The last thing you will need to do is to submit the survey when you have completed it. Just move your mouse cursor over the submit button and left click once. You are done!

Let's try your new skill!
Click HERE
  external link to continue and take the READI (Army) survey.
Click HERE  external link to continue and take the READI Revised (Air Force) survey.
Click HERE  external link to continue and take the READI (Navy) survey.
Click HERE  external link to continue and take the Civilian READIness.

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Disclaimer

READI: Disclaimer

Web Based Model:

Readiness Estimate and Deployability Index (READI) and
The Readiness Estimate and Deployability Index-Revised (READI-R)


DiaaterThe projects goal is to make the Readiness Estimate and Deployability Index (READI) and the Readiness Estimate and Deployability Index Revised (READI-R) available in a web based format. Web basing the READ and READI-R will enable military and civilian health care workers to easily access and utilize the instrument. The author's interest in this project began while completing a MSN under the tutelage of Dr. Carol Reineck at the University of Texas Health Science Center San Antonio. As an active duty Air Force Officer the author has previous experience with mobilization and deployment of military medical personnel. Web basing this instrument is the next logical step enabling the dispersal of the information for a broader audience. The ultimate goal is to have the instrument become a routine tool used by the leadership within the military to aid in identifying the needs of the medical personnel who are readying for deployment.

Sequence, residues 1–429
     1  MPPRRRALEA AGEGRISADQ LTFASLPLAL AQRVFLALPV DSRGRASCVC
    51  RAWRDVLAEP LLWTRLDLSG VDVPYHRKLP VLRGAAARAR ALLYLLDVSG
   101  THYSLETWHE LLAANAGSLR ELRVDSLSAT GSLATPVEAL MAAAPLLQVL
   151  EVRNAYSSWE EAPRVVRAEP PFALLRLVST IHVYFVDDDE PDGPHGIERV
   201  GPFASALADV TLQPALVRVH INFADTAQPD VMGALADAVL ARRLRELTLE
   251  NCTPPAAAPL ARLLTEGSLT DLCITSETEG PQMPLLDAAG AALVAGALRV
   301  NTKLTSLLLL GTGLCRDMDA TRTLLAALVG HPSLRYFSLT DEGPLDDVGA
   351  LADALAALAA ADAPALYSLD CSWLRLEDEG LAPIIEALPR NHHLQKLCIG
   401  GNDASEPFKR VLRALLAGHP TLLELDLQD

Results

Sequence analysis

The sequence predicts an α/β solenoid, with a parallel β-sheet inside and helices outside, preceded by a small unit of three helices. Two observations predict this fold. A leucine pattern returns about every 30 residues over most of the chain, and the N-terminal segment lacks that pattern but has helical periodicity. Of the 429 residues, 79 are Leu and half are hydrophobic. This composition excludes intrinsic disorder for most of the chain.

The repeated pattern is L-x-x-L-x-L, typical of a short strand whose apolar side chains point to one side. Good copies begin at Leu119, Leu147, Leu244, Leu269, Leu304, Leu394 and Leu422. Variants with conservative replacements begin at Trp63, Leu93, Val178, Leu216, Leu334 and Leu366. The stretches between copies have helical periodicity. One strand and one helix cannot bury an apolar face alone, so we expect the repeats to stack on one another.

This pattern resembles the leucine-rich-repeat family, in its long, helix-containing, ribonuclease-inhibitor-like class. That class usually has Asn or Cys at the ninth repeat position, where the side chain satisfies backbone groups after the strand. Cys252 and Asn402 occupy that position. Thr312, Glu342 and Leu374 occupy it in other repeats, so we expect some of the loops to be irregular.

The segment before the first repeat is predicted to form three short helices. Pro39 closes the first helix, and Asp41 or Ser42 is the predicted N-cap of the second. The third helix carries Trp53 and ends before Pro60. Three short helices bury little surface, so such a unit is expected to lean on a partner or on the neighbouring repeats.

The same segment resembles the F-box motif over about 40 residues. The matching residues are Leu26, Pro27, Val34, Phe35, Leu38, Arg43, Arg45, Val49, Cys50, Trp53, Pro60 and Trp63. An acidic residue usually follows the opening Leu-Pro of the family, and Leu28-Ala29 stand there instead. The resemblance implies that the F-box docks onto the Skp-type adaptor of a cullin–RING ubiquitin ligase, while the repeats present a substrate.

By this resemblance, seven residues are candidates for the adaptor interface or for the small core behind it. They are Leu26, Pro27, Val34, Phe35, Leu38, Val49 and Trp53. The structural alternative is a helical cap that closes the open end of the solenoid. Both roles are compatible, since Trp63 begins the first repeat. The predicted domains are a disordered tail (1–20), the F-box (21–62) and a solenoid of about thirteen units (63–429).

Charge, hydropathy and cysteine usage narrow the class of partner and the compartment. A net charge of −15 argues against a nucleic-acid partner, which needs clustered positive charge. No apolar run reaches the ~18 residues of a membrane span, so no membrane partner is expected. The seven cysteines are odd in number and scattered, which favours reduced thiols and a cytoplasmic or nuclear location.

Permissions

Permission for use of the material within this web site has been granted by:
  • Dr. Carol Reineck, PhD, RN, FAAN, CENP, NEA-BC
    Assistant Professor, (Colonel, USA, Retired)
    Email: reineck@uthscsa.edu
  • Dr. Theresa Dremsa, Lt Colonel, USAF, NC
  • Felecia Rivers, Captain/Army Nurse Corps

Special Thanks to:

  • Dr. Barbara Covington, PhD, RN
    (Colonel, USA, Retired)
  • Heather Cura, BA
    Web Specialist & Site Designer

Funding

The Tri Service Nursing Research Program (TSNRP) provided funding and oversight for several congressionally-funded research grants concerning the Readiness Estimate and Deployability Index. The developers of this website extend grateful appreciation for their support and for approval to post the instrument on this website. A link to the TSNRP can be found at the links button.

Links from web sites affiliated with The University of Texas Health Science Center at San Antonio's web site (www.uthscsa.edu) to other websites do not constitute or imply university endorsement of those sites, their content, or products and services associated with those sites. Material and links provided by the Health Science Center are for informational purposes only.

The authors have worked to ensure that all information in this web site project concerning information (current nursing practices, drug dosages, schedules, and routes of administration) are accurate as of the time of posting. As health care, nursing research, and practice advance, however, standard practices and therapeutic standards may change. For this reason and because human and mechanical errors sometimes occur, we recommend that the reader follow the advise/guidance of current published approved practice standards/information.

© 2002-2009 Felecia Harrell Rivers, CPT/AN, MSNc, RN.
This site is the intellectual property of the copyright holder. Electronic version of survey adapted with permission from original material developed by Carol Reineck COL/AN (ret), Ph.D.

No portion of it may be used without the expressed consent of the authors.